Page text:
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Name : Mohandas Karamchand Gandhi
Born : 2 October 1869 Porbandar, Kathiawar Agency, British India
Died : 30 January 1948 (aged 78) ,New Delhi, Union of India
Cause of death : Assassination
Nationality : Indian
Other names : Mahatma Gandhi
Education : University College London
Known for : Indian Independence Movement
Political party : Indian National Congress
Religious beliefs : Hinduism
Spouse(s) : Kasturba Gandhi
Children : Harilal
Manilal
Ramdas
Devdas




Mohandas Karamchand Gandhi (Gujarati: મોહનદાસ કરમચંદ ગાંધી, IPA: [moɦən̪d̪äs kəɾəmʧən̪d̪ gän̪d̪ʱi]) (2 October 1869 – 30 January 1948) was a major political and spiritual leader of India and the Indian independence movement. He was the pioneer of Satyagraha—resistance to tyranny through mass civil disobedience, firmly founded upon ahimsa or total non-violence—which led India to independence and inspired movements for civil rights and freedom across the world. He is commonly known around the world as Mahatma Gandhi (Sanskrit: महात्मा mahātmā or "Great Soul", an honorific first applied to him by Rabindranath Tagore) and in India also as Bapu (Gujarati: બાપુ bāpu or "Father"). He is officially honoured in India as the Father of the Nation; his birthday, 2 October, is commemorated there as Gandhi Jayanti, a national holiday, and world-wide as the International Day of Non-Violence.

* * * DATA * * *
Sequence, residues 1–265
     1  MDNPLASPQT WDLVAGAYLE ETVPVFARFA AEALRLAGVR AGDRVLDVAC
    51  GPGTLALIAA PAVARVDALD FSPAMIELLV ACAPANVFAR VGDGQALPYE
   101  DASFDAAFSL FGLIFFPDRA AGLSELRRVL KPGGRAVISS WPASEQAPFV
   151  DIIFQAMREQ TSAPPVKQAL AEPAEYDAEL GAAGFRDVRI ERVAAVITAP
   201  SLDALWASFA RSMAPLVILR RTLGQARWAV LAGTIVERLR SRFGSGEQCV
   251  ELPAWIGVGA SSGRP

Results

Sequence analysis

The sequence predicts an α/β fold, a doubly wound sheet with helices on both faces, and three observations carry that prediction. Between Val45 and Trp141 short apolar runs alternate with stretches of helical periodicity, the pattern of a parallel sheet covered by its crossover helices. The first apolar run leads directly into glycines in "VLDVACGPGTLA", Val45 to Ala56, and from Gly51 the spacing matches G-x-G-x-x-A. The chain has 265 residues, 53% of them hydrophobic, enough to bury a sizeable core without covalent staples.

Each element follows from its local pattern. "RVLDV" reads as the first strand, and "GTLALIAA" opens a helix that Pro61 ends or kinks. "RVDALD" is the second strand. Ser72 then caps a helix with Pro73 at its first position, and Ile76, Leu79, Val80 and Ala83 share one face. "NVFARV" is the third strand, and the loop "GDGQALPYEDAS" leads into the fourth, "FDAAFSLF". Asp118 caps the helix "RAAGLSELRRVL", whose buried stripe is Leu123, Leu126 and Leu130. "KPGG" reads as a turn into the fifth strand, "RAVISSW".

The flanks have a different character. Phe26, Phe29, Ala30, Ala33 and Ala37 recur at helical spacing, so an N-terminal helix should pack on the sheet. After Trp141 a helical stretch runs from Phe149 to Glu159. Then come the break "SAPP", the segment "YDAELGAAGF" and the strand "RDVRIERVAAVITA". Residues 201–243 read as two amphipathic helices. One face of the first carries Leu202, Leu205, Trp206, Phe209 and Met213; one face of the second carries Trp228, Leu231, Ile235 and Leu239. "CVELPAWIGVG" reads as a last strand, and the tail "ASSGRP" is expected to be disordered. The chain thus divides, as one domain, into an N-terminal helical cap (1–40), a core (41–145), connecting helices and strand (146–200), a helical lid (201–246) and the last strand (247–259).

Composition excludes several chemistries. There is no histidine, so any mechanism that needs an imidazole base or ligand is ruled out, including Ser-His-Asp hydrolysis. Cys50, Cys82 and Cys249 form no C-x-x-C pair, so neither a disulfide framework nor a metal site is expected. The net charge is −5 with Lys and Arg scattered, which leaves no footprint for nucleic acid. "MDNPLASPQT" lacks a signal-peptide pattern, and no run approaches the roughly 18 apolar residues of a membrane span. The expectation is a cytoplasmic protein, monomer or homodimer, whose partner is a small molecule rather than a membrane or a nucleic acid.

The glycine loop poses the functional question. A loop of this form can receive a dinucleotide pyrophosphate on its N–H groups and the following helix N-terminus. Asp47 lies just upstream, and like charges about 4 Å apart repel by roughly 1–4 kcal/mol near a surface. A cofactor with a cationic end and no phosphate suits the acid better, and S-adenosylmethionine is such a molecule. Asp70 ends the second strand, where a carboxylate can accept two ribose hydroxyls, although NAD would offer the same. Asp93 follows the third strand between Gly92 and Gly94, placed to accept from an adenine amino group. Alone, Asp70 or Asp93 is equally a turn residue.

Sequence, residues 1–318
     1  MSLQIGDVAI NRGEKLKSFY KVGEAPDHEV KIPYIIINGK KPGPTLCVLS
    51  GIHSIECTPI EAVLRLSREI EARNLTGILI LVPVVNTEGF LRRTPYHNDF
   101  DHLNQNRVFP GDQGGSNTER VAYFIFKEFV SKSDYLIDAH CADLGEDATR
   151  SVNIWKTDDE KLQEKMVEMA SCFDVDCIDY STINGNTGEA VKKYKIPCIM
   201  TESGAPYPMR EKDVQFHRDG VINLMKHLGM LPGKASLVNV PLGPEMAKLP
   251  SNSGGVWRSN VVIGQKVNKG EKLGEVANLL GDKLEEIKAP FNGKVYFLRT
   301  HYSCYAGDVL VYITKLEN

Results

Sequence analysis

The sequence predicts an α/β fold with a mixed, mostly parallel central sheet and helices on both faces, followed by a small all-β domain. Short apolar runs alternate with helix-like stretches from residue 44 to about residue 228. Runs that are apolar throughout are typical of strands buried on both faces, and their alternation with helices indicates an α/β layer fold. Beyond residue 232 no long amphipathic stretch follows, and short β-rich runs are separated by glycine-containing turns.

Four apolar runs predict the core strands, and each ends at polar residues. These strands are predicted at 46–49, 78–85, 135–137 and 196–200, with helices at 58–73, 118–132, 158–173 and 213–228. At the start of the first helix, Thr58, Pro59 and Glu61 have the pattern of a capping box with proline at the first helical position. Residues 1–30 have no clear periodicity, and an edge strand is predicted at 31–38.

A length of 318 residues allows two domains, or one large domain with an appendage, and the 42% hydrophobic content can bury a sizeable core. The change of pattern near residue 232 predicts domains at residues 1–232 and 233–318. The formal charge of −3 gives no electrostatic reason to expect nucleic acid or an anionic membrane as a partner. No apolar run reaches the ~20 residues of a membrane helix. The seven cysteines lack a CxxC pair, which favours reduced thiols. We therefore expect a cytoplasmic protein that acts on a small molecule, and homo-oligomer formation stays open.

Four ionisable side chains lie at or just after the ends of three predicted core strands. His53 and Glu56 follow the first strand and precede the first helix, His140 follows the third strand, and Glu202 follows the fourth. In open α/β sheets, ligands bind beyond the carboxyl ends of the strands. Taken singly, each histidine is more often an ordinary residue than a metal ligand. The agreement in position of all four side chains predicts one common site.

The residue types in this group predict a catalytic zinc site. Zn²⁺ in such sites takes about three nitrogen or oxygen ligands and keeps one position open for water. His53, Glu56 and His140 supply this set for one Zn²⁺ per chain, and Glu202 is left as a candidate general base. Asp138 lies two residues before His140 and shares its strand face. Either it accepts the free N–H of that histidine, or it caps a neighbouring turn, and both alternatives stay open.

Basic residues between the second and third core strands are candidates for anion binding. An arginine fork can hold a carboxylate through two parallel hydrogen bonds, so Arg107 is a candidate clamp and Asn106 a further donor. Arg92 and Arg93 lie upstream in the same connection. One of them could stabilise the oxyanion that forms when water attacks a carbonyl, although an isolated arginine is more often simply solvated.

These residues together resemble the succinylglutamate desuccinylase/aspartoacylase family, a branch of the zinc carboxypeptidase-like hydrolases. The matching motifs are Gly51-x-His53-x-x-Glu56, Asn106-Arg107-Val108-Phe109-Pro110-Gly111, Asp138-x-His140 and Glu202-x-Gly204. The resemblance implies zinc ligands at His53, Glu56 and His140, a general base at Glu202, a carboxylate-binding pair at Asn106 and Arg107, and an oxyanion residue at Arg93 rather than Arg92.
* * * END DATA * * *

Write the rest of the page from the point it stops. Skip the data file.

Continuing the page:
Gandhi first employed non-violent civil disobedience as an expatriate lawyer in South Africa, in the resident Indian community's struggle for civil rights. After his return to India in 1915, he set about organising peasants, farmers, and urban labourers in protesting excessive land-tax and discrimination. Assuming leadership of the Indian National Congress in 1921, Gandhi led nationwide campaigns for easing poverty, for expanding women's rights, for building religious and ethnic amity, for ending untouchability, for increasing economic self-reliance, but above all for achieving Swaraj—the independence of India from foreign domination. Gandhi famously led Indians in protesting the British-imposed salt tax with the 400 km (249 mi) Dandi Salt March in 1930, and later in calling for the British to Quit India in 1942. He was imprisoned for many years, on numerous occasions, in both South Africa and India.

Gandhi was a practitioner of non-violence and truth, and advocated that others do the same. He lived modestly in a self-sufficient residential community and wore the traditional Indian dhoti and shawl, woven with yarn he had hand spun on a charkha. He ate simple vegetarian food, and also undertook long fasts as means of both self-purification and social protest.
3 months ago




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